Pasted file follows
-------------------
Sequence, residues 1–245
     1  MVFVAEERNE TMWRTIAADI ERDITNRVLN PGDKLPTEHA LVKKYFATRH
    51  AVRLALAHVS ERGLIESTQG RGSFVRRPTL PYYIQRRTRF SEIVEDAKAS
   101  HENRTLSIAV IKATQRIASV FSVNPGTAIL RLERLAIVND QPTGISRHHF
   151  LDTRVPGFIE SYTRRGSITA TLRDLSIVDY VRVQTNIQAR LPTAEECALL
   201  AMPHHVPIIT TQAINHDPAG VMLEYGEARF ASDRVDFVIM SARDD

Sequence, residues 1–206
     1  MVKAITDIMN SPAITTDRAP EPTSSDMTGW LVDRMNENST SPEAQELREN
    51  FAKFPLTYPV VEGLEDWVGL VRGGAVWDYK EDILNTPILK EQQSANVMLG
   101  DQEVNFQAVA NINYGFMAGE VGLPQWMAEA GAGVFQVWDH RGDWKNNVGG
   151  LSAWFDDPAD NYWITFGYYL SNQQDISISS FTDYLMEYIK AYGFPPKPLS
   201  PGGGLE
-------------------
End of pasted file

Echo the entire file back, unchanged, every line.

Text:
Sequence, residues 1–245
     1  MVFVAEERNE TMWRTIAADI ERDITNRVLN PGDKLPTEHA LVKKYFATRH
    51  AVRLALAHVS ERGLIESTQG RGSFVRRPTL PYYIQRRTRF SEIVEDAKAS
   101  HENRTLSIAV IKATQRIASV FSVNPGTAIL RLERLAIVND QPTGISRHHF
   151  LDTRVPGFIE SYTRRGSITA TLRDLSIVDY VRVQTNIQAR LPTAEECALL
   201  AMPHHVPIIT TQAINHDPAG VMLEYGEARF ASDRVDFVIM SARDD

Sequence, residues 1–206
     1  MVKAITDIMN SPAITTDRAP EPTSSDMTGW LVDRMNENST SPEAQELREN
    51  FAKFPLTYPV VEGLEDWVGL VRGGAVWDYK EDILNTPILK EQQSANVMLG
   101  DQEVNFQAVA NINYGFMAGE VGLPQWMAEA GAGVFQVWDH RGDWKNNVGG
   151  LSAWFDDPAD NYWITFGYYL SNQQDISISS FTDYLMEYIK AYGFPPKPLS
   201  PGGGLE